Article Publish Status: FREE
Abstract Title:

Is there a value for probiotic supplements in gestational diabetes mellitus? A randomized clinical trial.

Abstract Source:

J Health Popul Nutr. 2015 Nov 25 ;33:25. Epub 2015 Nov 25. PMID: 26825666

Abstract Author(s):

Neda Dolatkhah, Majid Hajifaraji, Fatemeh Abbasalizadeh, Naser Aghamohammadzadeh, Yadollah Mehrabi, Mehran Mesgari Abbasi

Article Affiliation:

Neda Dolatkhah


BACKGROUND: Although several studies have found probiotics encouraging in prevention of gestational diabetes mellitus (GDM), the evidence for the use of probiotics in diagnosed GDM is largely limited. The aim of this study was to assess the effect of a probiotic supplement capsule containing four bacterial strains on glucose metabolism indices and weight changes in women with newly diagnosed GDM.

METHODS: Sixty-four pregnant women with GDM were enrolled into a double-blind placebo-controlled randomized clinical trial. They were randomly assigned to receive either a probiotic or placebo capsule along with dietary advice for eight consecutive weeks. The trend of weight gain along with glucose metabolism indices was assayed.

RESULTS: During the first 6 weeks of the study, the weight gain trend was similar between the groups. However, in the last 2 weeks of the study, the weight gain in the probiotic group was significantly lower than in the placebo group (p < 0.05). Fasting blood sugar (FBS) decreased in both intervention (from 103.7 to 88.4 mg/dl) and control (from 100.9 to 93.6 mg/dl) groups significantly, and the decrease in the probiotic group was significantly higher than in the placebo group (p < 0.05). Insulin resistance index in the probiotic group had 6.74% reduction over the study period (p < 0.05). In the placebo group, however, there was an increase in insulin resistance index (6.45%), but the observed change in insulin resistance was not statistically significant. Insulin sensitivity index was increased in both groups. The post-intervention insulin sensitivity index in the probiotic group was not significantly different from placebo when adjusted for the baseline levels.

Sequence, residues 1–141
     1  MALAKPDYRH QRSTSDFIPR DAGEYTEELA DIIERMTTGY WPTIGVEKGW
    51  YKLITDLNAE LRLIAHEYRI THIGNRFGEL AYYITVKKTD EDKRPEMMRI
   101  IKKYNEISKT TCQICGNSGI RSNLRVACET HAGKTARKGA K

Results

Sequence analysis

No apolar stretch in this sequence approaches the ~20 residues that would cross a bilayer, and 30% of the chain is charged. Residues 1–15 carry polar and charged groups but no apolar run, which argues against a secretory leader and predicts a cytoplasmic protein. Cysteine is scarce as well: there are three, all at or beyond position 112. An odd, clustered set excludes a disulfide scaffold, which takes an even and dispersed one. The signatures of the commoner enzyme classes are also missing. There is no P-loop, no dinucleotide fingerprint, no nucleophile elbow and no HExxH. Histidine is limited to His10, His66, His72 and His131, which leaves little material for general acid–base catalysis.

CONCLUSIONS: The probiotic supplement appeared to affect glucose metabolism and weight gain among pregnant women with GDM. This needs to be confirmed in other settings before a therapeutic value could be approved.

Study Type : Human Study

Print Options

Key Research Topics

Sayer Ji
Founder of GreenMedInfo.com

Subscribe to our informative Newsletter & get Nature's Evidence-Based Pharmacy

Our newsletter serves 500,000 with essential news, research & healthy tips, daily.

Download Now

500+ pages of Natural Medicine Alternatives and Information.

This website is for information purposes only. By providing the information contained herein we are not diagnosing, treating, curing, mitigating, or preventing any type of disease or medical condition. Before beginning any type of natural, integrative or conventional treatment regimen, it is advisable to seek the advice of a licensed healthcare professional.

© Copyright 2008-2022 GreenMedInfo.com, Journal Articles copyright of original owners, MeSH copyright NLM.